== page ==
Is it possible to halt the coronavirus’ infection cycle? A VCU study is exploring the possibility.
For a person to become infected with SARS-CoV-2, the virus first needs to get inside the body’s cells. Once that occurs, the infected cells replicate the virus, which then goes on to infect other cells in the body. Once enough virus is produced that symptoms develop, it can be shed by an infected person and go on to infect others.
A new study at Virginia Commonwealth University is aiming to explore whether it’s possible to stop SARS-CoV-2, the virus that causes COVID-19, from entering cells, thereby possibly breaking the infection cycle.
“If we can find ways to prevent the virus from getting into cells in the first place, we might be able to prevent people from becoming infected, reduce the severity of the disease, or reduce person-to-person transmission,” said Derek Prosser, Ph.D., an assistant professor in the Department of Biology in the College of Humanities and Sciences.
Prosser is one of 31 researchers launching projects under VCU’s COVID-19 Rapid Research Funding Opportunity, led by the Office of the Vice President for Research and Innovation with support from the C. Kenneth and Dianne Wright Center for Clinical and Translational Research. The program awarded nearly $350,000 in funding this spring to VCU research that seeks to address the impact of the coronavirus.
Prosser’s study, “Inhibition of Viral Uptake as a Mechanism for Reducing SARS-CoV-2 Infection,” could lead to a better understanding of how the virus works and how to fight it.
“As a rule, viruses can’t replicate on their own,” he said. “Instead, they ‘hijack’ the cells they infect and use them to create copies of themselves. The virus and its genome needs to get inside of a host cell for this to happen, so if we can prevent the internalization step, it could be an important way to prevent infection and disease.”
The project builds on Prosser’s research into how cells internalize material, a process called endocytosis. Prosser’s lab has previously focused on understanding how different endocytic pathways work at a molecular level.
“In the early days of the pandemic, I learned that the SARS-CoV virus responsible for the SARS outbreak in 2003 is internalized using a pathway that is very similar to one that we’ve studied extensively,” he said. “SARS-CoV-2 is internalized using the same receptor on the surface of host cells, called ACE2, so it seems reasonable that the two viruses use similar mechanisms to get inside of cells. Since we were already studying this endocytic pathway, we decided to turn our efforts toward understanding how it applies to SARS-CoV-2.”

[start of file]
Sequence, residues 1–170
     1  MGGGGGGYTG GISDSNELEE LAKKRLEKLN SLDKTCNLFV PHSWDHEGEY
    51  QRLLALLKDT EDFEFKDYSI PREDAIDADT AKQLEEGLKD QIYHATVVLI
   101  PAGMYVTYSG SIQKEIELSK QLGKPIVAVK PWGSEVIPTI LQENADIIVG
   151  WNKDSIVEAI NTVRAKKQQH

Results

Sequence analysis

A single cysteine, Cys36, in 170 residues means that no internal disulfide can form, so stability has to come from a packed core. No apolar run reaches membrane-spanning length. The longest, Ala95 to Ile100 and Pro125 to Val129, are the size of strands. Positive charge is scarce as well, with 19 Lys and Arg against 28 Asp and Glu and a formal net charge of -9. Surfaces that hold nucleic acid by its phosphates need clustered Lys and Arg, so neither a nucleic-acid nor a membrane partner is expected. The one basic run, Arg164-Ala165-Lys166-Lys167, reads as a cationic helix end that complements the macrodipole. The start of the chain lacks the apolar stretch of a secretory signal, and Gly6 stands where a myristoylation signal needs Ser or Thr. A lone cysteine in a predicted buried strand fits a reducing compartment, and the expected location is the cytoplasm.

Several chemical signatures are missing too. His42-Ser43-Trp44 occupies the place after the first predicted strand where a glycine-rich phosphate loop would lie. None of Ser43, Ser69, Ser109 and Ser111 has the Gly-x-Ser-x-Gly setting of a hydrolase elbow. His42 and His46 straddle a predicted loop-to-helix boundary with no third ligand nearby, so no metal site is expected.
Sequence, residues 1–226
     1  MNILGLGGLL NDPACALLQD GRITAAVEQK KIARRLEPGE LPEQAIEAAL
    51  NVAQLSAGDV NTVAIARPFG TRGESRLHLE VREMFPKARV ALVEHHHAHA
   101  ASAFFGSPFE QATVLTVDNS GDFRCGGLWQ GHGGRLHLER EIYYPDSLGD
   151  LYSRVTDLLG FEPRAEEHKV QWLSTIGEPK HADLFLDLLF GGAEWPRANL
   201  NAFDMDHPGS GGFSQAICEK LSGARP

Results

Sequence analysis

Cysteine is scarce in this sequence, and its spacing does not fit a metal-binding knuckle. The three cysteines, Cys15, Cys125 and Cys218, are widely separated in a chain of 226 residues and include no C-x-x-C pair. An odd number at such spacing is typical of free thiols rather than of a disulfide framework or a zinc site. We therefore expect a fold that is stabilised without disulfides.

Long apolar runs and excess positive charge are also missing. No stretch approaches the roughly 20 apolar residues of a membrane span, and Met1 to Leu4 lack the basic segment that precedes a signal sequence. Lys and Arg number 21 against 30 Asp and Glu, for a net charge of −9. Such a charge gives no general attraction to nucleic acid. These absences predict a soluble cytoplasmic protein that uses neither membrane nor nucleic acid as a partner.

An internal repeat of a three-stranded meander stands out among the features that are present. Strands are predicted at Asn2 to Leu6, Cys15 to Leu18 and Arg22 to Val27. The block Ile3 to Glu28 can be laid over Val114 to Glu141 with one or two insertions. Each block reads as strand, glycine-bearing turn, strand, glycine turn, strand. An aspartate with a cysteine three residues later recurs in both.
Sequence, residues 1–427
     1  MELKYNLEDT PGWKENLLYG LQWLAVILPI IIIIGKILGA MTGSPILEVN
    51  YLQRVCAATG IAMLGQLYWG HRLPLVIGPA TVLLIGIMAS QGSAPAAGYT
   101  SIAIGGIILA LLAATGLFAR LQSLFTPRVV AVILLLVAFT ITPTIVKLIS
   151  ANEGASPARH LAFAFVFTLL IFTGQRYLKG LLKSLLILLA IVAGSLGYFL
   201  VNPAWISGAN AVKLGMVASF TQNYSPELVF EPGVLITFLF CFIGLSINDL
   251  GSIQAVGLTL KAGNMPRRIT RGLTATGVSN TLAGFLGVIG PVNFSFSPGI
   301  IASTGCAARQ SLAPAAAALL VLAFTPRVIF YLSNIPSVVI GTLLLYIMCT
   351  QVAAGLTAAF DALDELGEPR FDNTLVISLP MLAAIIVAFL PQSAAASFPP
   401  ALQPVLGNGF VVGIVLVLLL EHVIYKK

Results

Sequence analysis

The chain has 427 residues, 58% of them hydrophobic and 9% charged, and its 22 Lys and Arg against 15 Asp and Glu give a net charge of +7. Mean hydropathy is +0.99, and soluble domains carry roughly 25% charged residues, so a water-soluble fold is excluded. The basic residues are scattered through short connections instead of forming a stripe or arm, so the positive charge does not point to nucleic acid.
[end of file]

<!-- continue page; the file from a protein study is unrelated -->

Prosser hopes the project contributes to the worldwide effort to understand how the virus infects cells and causes disease, how it spreads, and what can be done to manage and prevent infections.
“While developing a vaccine is the most effective way to manage COVID-19, there are other important pieces to the puzzle that can help to prevent infection or reduce its severity,” he said. “Designing drugs that block specific steps in the infection cycle could be really useful in that regard.”
For example, he said, a drug that blocks specific steps in the infection cycle could be delivered via inhaler to the lungs.
“Something like that could be helpful for people at the front lines of the pandemic, such as health care workers who are at high risk because they routinely encounter and treat COVID patients,” he said.
The findings of the study may prove useful even beyond the coronavirus, Prosser said.
“I think it’s interesting that many pathogenic bacteria and viruses use similar internalization pathways to get inside of host cells,” he said. “They have adapted this strategy because it helps them to evade the immune system. So while our research is currently focused on COVID-19, the discoveries we make might also be applicable to other infectious diseases.”